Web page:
Mirror Mirror -
Zhan Wang, "Artificial Rock #95," 2007, stainless steel and wooden base, 25 1/4 x 16 7/8 x 11 3/4 inches, Collection of Tad Freese and Brook Hartzell.

Main Gallery

Mirror Mirror

January 20 - April 1, 2018

Curated by Todd Hosfelt

Jay DeFeo, Christian Houge, Andy Diaz Hope, Timothy Horn, Birgit Jensen, Stefan Kürten, John O’Reilly, Liliana Porter, Zhan Wang, and Carrie Mae Weems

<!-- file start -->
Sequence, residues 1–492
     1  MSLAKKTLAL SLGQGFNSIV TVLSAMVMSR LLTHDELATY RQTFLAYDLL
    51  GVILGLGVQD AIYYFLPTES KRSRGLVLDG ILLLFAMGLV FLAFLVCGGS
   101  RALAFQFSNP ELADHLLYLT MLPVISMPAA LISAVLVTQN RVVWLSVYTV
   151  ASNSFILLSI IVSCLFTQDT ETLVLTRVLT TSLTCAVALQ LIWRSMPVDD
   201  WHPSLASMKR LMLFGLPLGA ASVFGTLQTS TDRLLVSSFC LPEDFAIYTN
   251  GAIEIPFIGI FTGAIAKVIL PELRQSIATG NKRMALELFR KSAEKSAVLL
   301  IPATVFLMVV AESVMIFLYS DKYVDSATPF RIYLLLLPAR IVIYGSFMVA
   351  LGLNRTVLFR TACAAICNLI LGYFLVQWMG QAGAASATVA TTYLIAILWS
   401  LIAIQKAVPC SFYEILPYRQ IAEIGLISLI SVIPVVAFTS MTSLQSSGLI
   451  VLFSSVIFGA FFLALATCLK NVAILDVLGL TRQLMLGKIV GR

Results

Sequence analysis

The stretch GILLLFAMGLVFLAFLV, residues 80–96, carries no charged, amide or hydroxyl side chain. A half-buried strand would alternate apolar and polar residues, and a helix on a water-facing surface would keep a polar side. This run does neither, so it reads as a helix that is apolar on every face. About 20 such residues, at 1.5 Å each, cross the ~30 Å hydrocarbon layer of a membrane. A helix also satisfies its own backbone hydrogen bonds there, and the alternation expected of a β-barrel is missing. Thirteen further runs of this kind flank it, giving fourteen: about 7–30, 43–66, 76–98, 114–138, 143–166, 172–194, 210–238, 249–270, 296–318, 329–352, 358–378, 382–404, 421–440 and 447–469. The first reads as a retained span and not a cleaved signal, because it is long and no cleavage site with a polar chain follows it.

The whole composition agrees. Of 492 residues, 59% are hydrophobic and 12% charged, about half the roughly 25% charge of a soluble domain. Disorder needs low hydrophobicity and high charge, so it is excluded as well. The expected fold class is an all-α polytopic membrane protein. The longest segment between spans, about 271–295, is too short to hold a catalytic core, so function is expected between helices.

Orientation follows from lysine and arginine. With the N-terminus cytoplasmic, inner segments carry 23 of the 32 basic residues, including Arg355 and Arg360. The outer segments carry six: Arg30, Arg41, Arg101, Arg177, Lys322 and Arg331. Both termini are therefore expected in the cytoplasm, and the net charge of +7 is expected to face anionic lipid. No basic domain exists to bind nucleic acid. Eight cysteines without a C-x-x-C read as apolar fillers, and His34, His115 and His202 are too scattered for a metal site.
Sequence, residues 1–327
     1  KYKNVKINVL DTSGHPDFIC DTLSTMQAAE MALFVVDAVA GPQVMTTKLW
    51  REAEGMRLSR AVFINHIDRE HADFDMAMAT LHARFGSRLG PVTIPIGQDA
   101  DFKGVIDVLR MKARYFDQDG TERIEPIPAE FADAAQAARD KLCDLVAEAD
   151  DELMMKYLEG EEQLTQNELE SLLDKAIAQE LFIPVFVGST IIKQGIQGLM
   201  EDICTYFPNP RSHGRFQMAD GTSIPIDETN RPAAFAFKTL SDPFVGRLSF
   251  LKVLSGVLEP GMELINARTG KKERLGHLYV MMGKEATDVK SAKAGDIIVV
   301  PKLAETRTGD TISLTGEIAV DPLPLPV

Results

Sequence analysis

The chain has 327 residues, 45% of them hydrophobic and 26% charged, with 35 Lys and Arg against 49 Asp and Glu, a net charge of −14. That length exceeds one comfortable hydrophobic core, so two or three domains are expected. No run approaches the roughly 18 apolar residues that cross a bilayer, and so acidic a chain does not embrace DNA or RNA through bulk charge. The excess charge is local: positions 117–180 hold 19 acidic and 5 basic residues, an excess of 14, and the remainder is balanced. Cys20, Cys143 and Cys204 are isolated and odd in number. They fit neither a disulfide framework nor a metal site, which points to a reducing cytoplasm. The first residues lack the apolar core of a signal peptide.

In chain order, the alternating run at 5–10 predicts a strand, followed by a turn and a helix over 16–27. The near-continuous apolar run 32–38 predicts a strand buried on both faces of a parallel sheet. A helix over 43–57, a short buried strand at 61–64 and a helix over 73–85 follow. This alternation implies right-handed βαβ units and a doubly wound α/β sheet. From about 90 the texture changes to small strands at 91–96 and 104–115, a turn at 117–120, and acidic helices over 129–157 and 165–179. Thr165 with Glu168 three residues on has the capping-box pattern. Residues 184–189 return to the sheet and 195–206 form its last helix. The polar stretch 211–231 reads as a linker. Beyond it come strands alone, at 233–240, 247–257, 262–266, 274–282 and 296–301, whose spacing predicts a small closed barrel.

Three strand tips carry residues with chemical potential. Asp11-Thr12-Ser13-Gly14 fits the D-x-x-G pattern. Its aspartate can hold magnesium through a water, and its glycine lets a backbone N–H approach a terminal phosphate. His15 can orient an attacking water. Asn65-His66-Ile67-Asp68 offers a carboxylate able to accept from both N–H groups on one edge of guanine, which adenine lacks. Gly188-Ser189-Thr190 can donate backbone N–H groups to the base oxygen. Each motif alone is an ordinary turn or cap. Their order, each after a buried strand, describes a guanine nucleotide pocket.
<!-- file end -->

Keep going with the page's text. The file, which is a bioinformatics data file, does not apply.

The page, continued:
The first mirror (likely a pool of still water) allowed humans to see themselves as others did. Later came polished surfaces: copper, bronze, silver, pyrite, even stone, though the quality of the image was so very low that Paul, in first Corinthians 13:12, used it as a symbol of obfuscation…seeing, as in a mirror, darkly. As craft improved, mirrors became aestheticized-luxurious, decorative objects–valued as much to look at as to look in. Indeed, many iconic works in the canon of Western art rely on the representation of a mirror as its central device, for the looking glass is the forerunner of the selfie, and we are all Narcissus, to one degree or another. This exhibition brings together a selection of internationally known contemporary artists inspired by the mirrors as both tool and device.